The government plans to overhaul digital rules to confer more powers on the central bank and tighten the oversight of platforms offering cryptocurrencies and other tokens after a recent market rout left retail investors reeling from losses.
The planned amendments to the regulations will “bring the central bank to be part of it”, Finance Minister Arkhom Termpittayapaisith said in an interview. The Securities & Exchange Commission, which currently has the sole mandate to supervise the industry under the rules passed in 2018, has been asked to take the lead on the overhaul, he said.
The move to tighten the rules comes after authorities were criticised for not acting promptly to protect investors at Zipmex (Thailand) Ltd, a licensed cryptocurrency exchange that briefly suspended coin withdrawals. While the platform has since lifted most of the freeze on transactions, it has filed for a moratorium in Singapore for protection from creditors against any lawsuits and to buy time for raising funds.
“Right now, the central bank has no room to enter into the regulatory framework except for notifying that cryptos are not a legal means of payment for goods and services,” Mr Arkhom said Monday. “So the framework is not clear enough to regulate the industry.”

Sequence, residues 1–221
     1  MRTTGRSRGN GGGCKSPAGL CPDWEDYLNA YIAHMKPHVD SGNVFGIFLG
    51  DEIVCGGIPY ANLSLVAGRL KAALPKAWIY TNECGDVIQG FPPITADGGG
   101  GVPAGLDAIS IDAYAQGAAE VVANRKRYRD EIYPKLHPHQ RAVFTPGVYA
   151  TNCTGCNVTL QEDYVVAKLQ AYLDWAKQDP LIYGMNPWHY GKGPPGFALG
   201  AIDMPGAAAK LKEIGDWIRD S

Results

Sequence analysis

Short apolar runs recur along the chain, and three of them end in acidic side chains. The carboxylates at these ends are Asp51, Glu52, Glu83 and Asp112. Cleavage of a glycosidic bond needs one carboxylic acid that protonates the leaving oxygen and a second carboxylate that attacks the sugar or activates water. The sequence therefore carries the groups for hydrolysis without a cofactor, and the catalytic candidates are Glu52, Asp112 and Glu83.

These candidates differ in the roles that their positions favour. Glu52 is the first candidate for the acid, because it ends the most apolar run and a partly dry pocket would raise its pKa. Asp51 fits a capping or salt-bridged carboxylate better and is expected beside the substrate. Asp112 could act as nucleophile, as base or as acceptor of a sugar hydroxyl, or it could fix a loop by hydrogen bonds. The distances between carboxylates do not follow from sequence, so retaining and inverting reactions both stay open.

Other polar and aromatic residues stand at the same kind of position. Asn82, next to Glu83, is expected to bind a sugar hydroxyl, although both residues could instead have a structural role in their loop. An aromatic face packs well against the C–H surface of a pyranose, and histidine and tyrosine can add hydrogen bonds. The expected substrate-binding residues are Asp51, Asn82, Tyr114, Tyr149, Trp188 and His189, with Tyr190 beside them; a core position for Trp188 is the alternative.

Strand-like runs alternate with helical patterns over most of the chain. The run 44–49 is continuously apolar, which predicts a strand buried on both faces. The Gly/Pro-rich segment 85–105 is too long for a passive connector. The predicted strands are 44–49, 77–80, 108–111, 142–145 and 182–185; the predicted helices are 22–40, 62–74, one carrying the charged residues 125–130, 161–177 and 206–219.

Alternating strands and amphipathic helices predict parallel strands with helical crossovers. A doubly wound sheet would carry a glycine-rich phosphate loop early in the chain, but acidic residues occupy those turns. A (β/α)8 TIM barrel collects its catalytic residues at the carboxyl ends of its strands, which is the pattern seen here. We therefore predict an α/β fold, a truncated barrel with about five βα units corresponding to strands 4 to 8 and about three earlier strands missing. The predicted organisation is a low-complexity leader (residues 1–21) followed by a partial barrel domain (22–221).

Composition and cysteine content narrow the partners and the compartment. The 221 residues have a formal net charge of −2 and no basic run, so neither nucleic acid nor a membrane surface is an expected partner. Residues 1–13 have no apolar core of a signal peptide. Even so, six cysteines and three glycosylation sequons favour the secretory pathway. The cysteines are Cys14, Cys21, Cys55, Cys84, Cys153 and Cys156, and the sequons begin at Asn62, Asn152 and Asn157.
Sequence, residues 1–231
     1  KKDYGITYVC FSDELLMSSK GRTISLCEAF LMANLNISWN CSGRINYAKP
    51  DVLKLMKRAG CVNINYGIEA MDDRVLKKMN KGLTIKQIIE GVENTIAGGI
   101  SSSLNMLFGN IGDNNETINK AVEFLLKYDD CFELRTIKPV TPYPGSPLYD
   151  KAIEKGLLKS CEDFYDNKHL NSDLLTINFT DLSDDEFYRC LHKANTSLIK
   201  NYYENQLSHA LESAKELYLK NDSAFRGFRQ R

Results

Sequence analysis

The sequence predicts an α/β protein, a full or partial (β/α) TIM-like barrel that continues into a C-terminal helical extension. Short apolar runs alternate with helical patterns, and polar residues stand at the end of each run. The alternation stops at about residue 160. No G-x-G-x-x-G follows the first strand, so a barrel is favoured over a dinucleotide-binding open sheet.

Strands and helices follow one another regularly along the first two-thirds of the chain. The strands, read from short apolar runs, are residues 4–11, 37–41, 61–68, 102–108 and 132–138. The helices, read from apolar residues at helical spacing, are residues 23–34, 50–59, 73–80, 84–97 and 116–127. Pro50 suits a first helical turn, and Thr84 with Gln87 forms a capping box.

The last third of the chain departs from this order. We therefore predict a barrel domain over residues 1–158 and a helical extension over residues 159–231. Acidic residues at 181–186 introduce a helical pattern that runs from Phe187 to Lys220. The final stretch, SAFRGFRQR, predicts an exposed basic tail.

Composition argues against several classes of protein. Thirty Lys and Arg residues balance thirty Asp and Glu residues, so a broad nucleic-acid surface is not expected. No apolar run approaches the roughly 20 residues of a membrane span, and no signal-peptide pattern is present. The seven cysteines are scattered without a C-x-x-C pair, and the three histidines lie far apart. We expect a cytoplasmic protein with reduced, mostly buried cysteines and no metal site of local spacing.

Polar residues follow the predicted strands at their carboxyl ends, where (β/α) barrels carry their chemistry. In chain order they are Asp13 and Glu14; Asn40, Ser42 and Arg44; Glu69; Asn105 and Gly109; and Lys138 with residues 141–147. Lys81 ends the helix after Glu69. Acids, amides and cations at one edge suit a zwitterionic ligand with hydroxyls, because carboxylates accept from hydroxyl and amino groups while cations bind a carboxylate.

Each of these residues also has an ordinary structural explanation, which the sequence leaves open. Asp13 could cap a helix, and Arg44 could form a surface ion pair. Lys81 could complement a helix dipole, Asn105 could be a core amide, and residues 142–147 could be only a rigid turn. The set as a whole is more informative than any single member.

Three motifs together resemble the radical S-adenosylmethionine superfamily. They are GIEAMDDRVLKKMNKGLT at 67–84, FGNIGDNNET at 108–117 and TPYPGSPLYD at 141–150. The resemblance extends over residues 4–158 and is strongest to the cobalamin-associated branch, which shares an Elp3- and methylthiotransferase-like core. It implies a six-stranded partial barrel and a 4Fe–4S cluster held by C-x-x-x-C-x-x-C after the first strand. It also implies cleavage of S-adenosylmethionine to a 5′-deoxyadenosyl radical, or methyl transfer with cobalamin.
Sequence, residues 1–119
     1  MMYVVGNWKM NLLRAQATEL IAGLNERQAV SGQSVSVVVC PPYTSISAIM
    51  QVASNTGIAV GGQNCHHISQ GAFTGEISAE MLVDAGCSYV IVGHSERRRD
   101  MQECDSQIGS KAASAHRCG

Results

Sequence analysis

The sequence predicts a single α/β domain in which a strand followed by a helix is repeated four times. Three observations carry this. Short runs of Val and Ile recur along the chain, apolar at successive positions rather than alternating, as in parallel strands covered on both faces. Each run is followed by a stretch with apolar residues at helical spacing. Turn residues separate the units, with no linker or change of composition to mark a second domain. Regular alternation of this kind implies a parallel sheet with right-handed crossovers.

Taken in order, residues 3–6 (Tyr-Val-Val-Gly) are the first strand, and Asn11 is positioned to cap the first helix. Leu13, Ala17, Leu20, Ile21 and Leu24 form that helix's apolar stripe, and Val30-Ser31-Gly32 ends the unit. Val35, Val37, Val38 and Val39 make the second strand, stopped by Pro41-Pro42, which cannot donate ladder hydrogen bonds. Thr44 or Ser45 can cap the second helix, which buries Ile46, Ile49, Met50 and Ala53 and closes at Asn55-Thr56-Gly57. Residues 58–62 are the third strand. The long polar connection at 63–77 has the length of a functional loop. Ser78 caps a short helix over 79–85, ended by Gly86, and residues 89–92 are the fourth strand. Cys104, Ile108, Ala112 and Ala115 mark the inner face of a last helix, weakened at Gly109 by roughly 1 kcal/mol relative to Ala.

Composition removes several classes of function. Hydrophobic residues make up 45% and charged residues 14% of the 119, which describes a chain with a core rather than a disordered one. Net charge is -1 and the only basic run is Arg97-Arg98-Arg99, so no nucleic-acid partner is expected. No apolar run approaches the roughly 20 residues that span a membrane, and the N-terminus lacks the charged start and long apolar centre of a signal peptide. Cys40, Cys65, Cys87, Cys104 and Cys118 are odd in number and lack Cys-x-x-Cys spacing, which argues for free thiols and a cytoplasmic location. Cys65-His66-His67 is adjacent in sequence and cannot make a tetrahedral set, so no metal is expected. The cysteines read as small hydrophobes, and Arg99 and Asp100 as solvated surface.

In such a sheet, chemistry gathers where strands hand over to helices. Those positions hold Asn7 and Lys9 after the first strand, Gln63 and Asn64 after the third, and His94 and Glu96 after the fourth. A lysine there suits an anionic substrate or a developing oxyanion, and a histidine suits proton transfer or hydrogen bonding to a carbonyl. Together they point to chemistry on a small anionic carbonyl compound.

Almost $2 trillion has been wiped off the global crypto market since a peak in November last year in an implosion exacerbated by rising interest rates. Leveraged funds and lending platforms blew up along the way, exposing regulatory gaps that officials worldwide are now rushing to plug.
In Thailand, the number of active trading accounts shrank to about 230,000 from a peak of almost 700,000 in December, official data show.
Thailand’s largest crypto exchange, Bitkub Online Co, and its chief executive were fined by the SEC in June for creating “artificial trading volume” on the platform. The company and five officials were also fined for breaching guidelines in listing the company’s own digital coins.
While Bank of Thailand Governor Sethaput Suthiwartnarueput has said the authority wants to draw “red-lines” on cryptos, it is set to test a central bank digital currency by the end of the year in a pilot project. But it has no plans yet to issue a retail CBDC, he said last week.
Mr Arkhom said tighter crypto regulations will not be aimed at throttling innovation and technology but to ensure investors have greater protection.
“For the stock exchange, you have the paper to prove you are the owners. In the digital world, you have nothing except for the consent that you put at the bottom, which people never read,” Mr Arkhom said. “We are trying to protect investors as well as keeping the players in the industry in the fair terms.”